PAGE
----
Dogs and cats that have cancer are generally middle aged or older. Age is not disease but there often other health problems in older pets with cancer that must be managed simultaneously with the cancer. In addition, cancer can produce some problems in other organs such as anemia, kidney problems and digestive abnormalities. The complete management of cancer in dogs and cats requires consideration of supportive measures. These supportive measures can be considered in several categories: nutritional considerations, blood product support and, ancillary medication for concurrent diseases or symptoms.
Pets with cancer require consistent, high quality nutrition. The specific nutritional needs for pets with cancer are not completely understood. The brands of the food is less important than a complete, balanced and palatable food for your pet with cancer.
A poor appetite and weight loss can result from cancer in several ways. Cancer can affect appetite, smell, metabolism and the physical ability to chew or swallow. Treatment for cancer may also reduce appetite by inducing nausea or irritation to the intestinal tract. Numerous means of dealing with nutritional issues in pets with cancer now exist and this aspect of management should be carefully considered with your veterinarian.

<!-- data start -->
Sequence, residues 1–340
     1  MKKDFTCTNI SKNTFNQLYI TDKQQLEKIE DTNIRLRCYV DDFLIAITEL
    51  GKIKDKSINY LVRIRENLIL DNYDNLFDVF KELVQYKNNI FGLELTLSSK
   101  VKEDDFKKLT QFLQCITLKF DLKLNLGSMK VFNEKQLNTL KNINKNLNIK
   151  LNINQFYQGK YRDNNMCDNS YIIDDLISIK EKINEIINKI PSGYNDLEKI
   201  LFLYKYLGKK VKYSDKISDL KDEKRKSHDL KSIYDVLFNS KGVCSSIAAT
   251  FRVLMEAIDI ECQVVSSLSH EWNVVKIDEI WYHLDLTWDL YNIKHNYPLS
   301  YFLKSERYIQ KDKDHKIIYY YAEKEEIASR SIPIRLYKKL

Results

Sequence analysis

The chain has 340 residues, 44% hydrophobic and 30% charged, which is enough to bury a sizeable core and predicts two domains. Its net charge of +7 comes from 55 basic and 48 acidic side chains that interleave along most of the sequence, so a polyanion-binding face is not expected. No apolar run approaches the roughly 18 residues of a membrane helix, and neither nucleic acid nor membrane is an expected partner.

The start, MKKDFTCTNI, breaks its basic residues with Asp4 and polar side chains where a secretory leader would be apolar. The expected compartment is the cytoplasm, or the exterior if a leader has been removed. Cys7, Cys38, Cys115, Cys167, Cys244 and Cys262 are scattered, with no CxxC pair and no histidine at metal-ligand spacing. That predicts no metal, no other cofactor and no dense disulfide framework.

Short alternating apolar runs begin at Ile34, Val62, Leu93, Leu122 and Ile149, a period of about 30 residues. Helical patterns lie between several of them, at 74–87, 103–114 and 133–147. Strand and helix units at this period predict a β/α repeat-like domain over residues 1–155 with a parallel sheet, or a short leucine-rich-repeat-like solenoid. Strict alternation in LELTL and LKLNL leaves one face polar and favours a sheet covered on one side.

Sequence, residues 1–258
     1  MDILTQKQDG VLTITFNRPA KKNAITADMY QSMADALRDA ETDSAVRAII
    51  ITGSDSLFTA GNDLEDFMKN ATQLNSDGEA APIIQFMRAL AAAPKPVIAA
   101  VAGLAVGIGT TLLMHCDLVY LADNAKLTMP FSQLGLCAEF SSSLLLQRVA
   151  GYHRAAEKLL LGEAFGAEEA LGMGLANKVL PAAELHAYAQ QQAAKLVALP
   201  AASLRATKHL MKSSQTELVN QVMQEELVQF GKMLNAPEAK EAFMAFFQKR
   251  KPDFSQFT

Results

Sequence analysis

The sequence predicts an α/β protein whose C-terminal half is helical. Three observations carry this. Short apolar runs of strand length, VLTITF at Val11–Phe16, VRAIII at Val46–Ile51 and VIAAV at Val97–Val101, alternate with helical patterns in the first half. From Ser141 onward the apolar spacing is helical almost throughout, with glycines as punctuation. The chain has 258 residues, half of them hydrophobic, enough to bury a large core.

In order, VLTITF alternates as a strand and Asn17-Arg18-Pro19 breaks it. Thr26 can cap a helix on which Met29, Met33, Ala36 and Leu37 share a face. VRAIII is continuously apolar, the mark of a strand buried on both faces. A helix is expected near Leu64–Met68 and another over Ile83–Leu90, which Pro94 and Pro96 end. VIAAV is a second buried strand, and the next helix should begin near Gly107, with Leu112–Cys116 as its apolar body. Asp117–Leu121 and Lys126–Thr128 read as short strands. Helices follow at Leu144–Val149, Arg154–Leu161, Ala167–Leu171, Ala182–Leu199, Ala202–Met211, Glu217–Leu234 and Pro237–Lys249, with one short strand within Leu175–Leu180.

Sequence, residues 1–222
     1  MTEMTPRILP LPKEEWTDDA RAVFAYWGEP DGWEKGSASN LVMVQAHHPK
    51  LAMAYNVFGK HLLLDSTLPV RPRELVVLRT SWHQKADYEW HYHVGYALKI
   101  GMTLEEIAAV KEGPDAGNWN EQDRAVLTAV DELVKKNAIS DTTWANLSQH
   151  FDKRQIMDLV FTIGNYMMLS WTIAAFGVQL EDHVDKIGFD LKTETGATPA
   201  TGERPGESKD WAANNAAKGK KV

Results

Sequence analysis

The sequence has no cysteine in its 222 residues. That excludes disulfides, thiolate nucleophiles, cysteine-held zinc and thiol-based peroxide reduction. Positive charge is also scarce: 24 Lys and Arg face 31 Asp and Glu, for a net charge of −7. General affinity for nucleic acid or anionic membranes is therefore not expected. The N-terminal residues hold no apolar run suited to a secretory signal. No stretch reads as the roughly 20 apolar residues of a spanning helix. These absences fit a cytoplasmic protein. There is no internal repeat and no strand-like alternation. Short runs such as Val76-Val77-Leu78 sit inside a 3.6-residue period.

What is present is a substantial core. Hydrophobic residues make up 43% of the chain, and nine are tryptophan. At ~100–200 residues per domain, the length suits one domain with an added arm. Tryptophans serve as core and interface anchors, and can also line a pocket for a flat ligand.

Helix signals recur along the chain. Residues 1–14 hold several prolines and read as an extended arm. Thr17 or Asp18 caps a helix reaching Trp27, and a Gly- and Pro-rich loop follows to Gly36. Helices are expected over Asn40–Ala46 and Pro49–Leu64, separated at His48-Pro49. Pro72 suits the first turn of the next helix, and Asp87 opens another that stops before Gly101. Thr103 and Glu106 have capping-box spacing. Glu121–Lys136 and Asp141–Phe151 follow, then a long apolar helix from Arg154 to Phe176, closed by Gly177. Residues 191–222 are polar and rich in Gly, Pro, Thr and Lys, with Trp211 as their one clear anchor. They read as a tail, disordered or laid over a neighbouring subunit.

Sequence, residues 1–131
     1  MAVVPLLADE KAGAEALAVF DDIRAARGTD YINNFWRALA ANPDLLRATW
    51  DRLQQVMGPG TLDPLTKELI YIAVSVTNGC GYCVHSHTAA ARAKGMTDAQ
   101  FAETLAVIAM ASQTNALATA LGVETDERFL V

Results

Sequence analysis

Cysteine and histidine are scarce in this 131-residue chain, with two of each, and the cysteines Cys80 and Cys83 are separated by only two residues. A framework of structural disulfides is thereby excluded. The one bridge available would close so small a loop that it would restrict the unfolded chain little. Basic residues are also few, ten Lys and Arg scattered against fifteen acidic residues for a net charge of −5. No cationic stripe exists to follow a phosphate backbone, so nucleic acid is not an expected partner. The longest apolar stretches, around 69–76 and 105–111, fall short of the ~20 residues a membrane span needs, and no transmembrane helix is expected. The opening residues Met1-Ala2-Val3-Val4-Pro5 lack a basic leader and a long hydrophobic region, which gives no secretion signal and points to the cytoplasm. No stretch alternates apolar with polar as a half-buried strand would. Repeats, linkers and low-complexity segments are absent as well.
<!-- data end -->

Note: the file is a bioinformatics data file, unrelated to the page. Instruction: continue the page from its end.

In some instances, pets may require transfusions of whole blood, red blood cells or plasma. This type of management is usually necessary on an acute basis and is rarely used for long-term support. Blood product transfusions are more available than ever before.
Many dogs and cats diagnosed with cancer also have other health problems. Some health problems are minor and require little additional consideration after a cancer diagnosis is made. Others may profoundly affect the decisions about cancer management. The specific management considerations for dogs with concurrent medical problems should be thoroughly discussed.
Symptomatic medications are often necessary while cancer is being controlled. Some medications that may be necessary include anti-emetics, laxatives, anti-diarrheals, anti-histamines, cortisone-derivatives and others.
Antibiotics may be necessary to prevent or control bacterial infections at various times throughout treatment of cancer in dogs and cats.
Close attention to the possibility of dehydration from vomiting, diarrhea or excessive urination is required for many patients with cancer. On occasion, fluid administration on an outpatient or inpatient basis may be required.